How to Roast Frozen Vegetables and the Best Vegetables for Roasting
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I think we can all agree that we need to eat more vegetables, right? They’re great for overall health and give our bodies all those vital micronutrients, they bulk up our diet and allow us to eat more food for fewer calories, and they make us feel good. We all know that, yet, most of us can’t seem to make it happen. Are you pickin’ up what I’m puttin’ down? It could be due to lack of time or skills in the kitchen, picky eaters in the house, or maybe the fact that vegetables always spoil in the refrigerator before we get around to eating them. Whatever it is, know that I’m right there with you. That’s why I’m going to cover a valuable topic in today’s post — how to roast frozen vegetables and prepare delicious veggies for an entire week in one hour. No kitchen skills required!
I’ll first provide a basic recipe for a mixture of vegetables and follow that with a few specific recipes I created for Stronger U that actually call for pan roasting instead of oven roasting.
How to Roast Frozen Vegetables
I’m a man of my word and when I say no kitchen skills are required, I mean it. If you can open bags of frozen vegetables and add them to baking sheets, we’re in business. You’ll see in the image below that I went with a mix of broccoli, carrots, cauliflower, onions, peppers, and brussels sprouts. Feel free to swap any vegetables you like in and out as you’d like. There’s no right or wrong answer here, though I will say that modifying quantity may affect your baking time. The mix below fills up two baking sheets so if you make a smaller batch, be sure to reduce the cook time.
Before we move on, I’d like to list a few of the best vegetables for roasting (all of them), in case you’d like some ideas.
- Broccoli and Cauliflower go with everything
- Potatoes are amazing but do contain more carbs/calories than others
- Peppers are great Mexican dishes, breakfast foods, or dipping guacamole/hummus
- Zucchini and Squash can be used for Italian dishes or dipping as well
- Butternut squash is very similar to a sweet potato after roasting
- Mushrooms are great on top of pizzas or in cream sauces (I would have added some to my mix but didn’t have mushroom left)
- Aim for as many colors as possible
Calorie and Macronutrient Breakdowns
This particular batch has 681 calories, 28 grams of protein, 113 grams of carbs, and 1 gram of fat without any added oil or cooking spray. If you’re wondering why the math doesn’t add up, it’s likely due to trace amounts of macronutrients and manufacturers counting those calories on the label. For example, the macros here add up to 573 calories, over 100 calories less than what the labels add up to. So, how do you know what to go with?
In my opinion — and this will be difficult if you’re OCD — is to go with either. Who cares about 100 calories either way from vegetables? This is the last thing you should be worried about! Besides, you’re not going to be eating the entire batch in one sitting. The individual serving differences in calories will end up being 10-15 calories at most. You’ve got bigger fish to fry.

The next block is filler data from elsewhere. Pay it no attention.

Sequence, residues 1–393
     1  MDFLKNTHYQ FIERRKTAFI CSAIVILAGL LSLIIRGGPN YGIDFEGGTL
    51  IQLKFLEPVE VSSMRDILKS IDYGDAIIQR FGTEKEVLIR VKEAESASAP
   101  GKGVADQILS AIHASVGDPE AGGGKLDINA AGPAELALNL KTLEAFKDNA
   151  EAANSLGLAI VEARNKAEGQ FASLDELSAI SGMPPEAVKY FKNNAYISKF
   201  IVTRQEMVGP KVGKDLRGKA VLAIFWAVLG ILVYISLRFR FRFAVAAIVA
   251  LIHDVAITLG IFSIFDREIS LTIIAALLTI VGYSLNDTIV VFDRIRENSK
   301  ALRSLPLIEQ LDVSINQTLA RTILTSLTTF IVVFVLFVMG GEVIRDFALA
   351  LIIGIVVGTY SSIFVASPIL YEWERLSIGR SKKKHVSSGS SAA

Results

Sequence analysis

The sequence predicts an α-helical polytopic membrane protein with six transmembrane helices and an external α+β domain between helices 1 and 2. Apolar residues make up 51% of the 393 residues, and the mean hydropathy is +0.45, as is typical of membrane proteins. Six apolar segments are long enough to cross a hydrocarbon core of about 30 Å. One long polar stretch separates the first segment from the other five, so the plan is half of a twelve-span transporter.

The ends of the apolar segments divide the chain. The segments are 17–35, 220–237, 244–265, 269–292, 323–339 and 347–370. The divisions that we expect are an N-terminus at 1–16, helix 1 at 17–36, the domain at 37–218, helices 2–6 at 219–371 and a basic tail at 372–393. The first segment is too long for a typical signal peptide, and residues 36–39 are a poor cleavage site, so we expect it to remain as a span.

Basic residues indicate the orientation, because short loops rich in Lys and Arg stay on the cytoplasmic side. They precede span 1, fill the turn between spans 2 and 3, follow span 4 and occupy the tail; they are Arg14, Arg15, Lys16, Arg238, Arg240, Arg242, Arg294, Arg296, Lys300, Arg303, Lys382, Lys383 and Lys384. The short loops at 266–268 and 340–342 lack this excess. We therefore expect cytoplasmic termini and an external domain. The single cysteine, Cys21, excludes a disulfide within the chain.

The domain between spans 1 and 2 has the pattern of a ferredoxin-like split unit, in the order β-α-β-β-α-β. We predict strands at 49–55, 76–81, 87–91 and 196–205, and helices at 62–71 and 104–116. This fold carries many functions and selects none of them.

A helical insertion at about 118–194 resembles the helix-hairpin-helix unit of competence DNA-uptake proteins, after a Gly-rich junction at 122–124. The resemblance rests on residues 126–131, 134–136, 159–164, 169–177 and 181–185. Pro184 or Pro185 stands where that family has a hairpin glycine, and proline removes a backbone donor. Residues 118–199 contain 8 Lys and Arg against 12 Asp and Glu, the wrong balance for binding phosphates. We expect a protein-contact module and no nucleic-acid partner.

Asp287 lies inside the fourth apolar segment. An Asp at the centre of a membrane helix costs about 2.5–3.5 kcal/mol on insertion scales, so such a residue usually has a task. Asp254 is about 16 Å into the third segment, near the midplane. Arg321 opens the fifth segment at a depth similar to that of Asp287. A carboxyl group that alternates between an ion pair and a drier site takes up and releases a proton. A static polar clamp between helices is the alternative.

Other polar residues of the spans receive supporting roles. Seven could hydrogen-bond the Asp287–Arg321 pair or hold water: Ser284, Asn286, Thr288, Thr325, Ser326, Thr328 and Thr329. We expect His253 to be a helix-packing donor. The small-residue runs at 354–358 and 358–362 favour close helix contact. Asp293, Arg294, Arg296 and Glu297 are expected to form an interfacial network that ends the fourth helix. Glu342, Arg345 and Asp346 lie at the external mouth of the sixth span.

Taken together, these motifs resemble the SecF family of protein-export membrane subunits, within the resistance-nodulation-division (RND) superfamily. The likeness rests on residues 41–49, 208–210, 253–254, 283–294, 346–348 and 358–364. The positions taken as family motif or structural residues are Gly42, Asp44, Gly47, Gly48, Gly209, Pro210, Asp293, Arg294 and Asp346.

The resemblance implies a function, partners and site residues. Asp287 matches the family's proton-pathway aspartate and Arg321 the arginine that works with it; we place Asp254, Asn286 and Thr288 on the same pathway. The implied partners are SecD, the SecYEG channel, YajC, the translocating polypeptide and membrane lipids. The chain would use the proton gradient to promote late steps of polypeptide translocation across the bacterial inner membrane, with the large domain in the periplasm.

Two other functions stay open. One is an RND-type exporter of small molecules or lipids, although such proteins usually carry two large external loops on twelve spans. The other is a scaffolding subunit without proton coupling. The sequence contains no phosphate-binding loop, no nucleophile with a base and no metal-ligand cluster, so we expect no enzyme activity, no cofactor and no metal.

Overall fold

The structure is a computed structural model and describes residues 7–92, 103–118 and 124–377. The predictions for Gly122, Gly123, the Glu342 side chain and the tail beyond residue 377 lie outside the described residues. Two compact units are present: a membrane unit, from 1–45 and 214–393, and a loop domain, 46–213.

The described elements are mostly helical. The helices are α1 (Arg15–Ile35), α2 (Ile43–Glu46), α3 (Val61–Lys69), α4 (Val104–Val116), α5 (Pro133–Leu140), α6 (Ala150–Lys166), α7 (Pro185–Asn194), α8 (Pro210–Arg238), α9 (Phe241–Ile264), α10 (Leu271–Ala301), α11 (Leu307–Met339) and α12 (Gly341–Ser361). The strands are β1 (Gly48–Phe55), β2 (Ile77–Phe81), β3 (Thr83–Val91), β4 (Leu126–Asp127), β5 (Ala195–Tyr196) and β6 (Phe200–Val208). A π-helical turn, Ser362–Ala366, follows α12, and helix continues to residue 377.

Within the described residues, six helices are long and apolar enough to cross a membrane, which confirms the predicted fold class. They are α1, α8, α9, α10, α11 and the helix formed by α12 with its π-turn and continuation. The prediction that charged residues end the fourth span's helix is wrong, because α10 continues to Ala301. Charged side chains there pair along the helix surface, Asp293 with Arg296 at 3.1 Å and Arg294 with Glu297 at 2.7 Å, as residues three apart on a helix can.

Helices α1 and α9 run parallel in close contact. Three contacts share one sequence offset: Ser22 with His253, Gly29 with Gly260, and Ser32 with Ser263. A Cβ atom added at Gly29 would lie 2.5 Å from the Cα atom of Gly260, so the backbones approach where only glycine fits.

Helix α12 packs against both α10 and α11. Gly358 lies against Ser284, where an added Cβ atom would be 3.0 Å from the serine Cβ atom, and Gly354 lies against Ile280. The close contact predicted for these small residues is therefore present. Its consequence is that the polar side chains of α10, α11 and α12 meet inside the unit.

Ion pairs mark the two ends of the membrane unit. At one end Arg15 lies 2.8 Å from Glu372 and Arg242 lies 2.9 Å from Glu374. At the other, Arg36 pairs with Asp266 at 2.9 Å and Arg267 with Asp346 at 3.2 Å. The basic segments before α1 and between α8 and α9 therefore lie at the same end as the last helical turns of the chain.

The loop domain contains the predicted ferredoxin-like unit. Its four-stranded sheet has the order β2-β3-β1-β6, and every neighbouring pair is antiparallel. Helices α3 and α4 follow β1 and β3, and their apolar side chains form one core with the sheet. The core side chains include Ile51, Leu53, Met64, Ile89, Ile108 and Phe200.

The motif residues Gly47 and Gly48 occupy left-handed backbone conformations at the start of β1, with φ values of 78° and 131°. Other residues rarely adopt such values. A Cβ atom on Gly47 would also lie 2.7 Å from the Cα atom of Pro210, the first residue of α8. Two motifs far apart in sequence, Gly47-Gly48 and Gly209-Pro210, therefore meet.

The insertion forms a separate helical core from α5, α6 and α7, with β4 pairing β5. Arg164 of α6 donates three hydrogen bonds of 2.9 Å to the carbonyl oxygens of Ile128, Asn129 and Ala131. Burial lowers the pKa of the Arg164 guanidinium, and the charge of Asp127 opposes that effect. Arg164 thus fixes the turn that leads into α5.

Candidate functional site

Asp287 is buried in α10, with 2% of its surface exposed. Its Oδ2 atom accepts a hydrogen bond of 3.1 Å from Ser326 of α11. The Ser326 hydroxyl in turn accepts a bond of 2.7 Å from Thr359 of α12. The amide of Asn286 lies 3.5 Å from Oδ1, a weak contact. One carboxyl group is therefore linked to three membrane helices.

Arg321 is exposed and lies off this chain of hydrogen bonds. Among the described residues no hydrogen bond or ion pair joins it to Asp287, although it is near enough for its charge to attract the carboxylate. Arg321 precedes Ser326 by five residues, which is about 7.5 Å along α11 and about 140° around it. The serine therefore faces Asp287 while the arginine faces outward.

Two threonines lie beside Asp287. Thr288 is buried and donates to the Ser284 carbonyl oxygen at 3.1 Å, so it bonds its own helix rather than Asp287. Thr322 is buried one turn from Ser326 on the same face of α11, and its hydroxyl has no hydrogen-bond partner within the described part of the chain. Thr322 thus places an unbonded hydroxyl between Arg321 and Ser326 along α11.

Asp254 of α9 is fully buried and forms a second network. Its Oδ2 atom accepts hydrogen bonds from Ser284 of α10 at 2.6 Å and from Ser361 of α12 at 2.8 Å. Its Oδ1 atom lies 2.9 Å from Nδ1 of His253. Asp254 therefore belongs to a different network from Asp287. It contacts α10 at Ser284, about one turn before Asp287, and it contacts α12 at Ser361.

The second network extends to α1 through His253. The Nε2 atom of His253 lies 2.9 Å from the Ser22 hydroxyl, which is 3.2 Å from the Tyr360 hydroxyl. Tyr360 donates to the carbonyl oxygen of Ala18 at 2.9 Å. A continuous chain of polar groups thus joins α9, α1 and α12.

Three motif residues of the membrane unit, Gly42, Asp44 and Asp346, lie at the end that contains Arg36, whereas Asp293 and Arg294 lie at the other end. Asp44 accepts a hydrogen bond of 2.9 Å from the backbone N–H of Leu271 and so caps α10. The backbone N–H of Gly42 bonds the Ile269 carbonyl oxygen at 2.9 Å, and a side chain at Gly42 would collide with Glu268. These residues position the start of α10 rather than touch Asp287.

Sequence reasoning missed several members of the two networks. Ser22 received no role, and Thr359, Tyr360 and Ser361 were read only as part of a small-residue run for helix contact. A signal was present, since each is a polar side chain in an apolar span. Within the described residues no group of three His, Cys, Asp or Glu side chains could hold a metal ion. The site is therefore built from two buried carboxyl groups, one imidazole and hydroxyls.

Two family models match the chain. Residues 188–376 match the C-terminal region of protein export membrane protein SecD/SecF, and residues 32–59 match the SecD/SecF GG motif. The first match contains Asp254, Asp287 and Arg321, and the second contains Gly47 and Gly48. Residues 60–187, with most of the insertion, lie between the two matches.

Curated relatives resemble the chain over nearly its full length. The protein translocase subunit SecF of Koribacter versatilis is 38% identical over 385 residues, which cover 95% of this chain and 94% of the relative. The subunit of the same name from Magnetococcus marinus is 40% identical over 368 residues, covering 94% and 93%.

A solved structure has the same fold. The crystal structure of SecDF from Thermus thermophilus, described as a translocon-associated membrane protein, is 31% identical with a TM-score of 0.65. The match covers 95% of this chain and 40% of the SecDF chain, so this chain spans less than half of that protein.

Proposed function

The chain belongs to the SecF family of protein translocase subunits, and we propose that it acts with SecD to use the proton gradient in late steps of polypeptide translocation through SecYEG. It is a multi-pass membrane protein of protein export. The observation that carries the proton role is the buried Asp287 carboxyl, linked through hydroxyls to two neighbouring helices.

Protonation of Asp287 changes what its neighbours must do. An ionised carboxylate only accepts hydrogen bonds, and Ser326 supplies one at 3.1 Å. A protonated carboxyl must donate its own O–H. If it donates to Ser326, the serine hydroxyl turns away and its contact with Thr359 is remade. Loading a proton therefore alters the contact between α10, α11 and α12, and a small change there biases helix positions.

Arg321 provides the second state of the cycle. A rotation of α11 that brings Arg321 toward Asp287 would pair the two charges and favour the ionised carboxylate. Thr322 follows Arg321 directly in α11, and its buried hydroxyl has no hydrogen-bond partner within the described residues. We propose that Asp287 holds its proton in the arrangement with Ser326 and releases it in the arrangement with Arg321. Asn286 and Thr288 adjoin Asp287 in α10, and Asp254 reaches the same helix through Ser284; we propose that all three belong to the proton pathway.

Speaking of oils, feel free to add things like olive oil, coconut oil, balsamic vinegar, or even butter. I find that spraying a tiny bit of low-cal cooking spray is enough for the seasoning to stick and gets the job done.
Roasted Frozen Vegetables
How to roast frozen vegetables.
- 2 bags (16 oz) Broccoli, Cauliflower, and Carrots Mix
- 1 bag (16 oz) Cauliflower
- 1 bag (16 oz) Brussels Sprouts
- 1 bag (12 oz) Three Pepper and Onion Blend
- 1/2-1 Tbsp Salt and Pepper or your choice of seasoning
- 1-2 Tbsp Olive or Coconut Oil optional
- 1-2 Tbsp Balsamic Vinegar optional
Preheat oven to 450F and line two baking sheets with parchment paper or aluminum foil.
Empty all vegetable bags into a large mixing bowl to add seasonings and oil if you choose to. (You can also skip this step and add vegetables directly to the baking sheets.)
When adding vegetables to the baking sheets, aim to keep larger vegetables on the outside as the smaller pieces cook faster and may burn.
Bake at 450F for 45-60 minutes, depending on how crisp you'd like your vegetables.
Allow vegetables to cool briefly before digging in. Refrigerate any leftovers.
Entire Recipe: 681 calories, 28 grams of protein, 113 grams of carbs, and 1 gram of fat --- different vegetables and oil/vinegar/seasoning will affect calorie and macronutrient content
How to Season Roasted Vegetables
Pan Roasted Pepper Bacon Brussels Sprouts
Honey Sesame Broccoli in Bulk
Honey Sriracha Pan Roasted Brussels Sprouts
Pan Roasted Chili Garlic Broccoli
Sauces for Roasted Vegetables and Takeaways
Oh, I almost forgot about the sweet and spicy Sriracha dipping sauce. Try mixing 2 tablespoons (17g) of sugar-free or reduced-sugar jelly with 1 teaspoon (5g) of Sriracha sauce. Amazing!
As I mentioned in the beginning, you could spin these to go with just about anything. A few of my recipes come to mind, however. My low carb Dorito pie, for example, would go great with a side of roasted peppers. And my high protein pizza cups would be a perfect pairing for a side of Italian seasoned broccoli. If you try any of my recipes out, tag me in your re-creation on Instagram. I’ll be sure to share it with everyone!
Okay, now that you have your weekly vegetable intake taken care of, what about dessert? If you’re looking for a few ideas and enjoy chocolate, check out my free high protein chocolate cookbook. You can learn more about it here or simply enter your info below and I’ll send it over.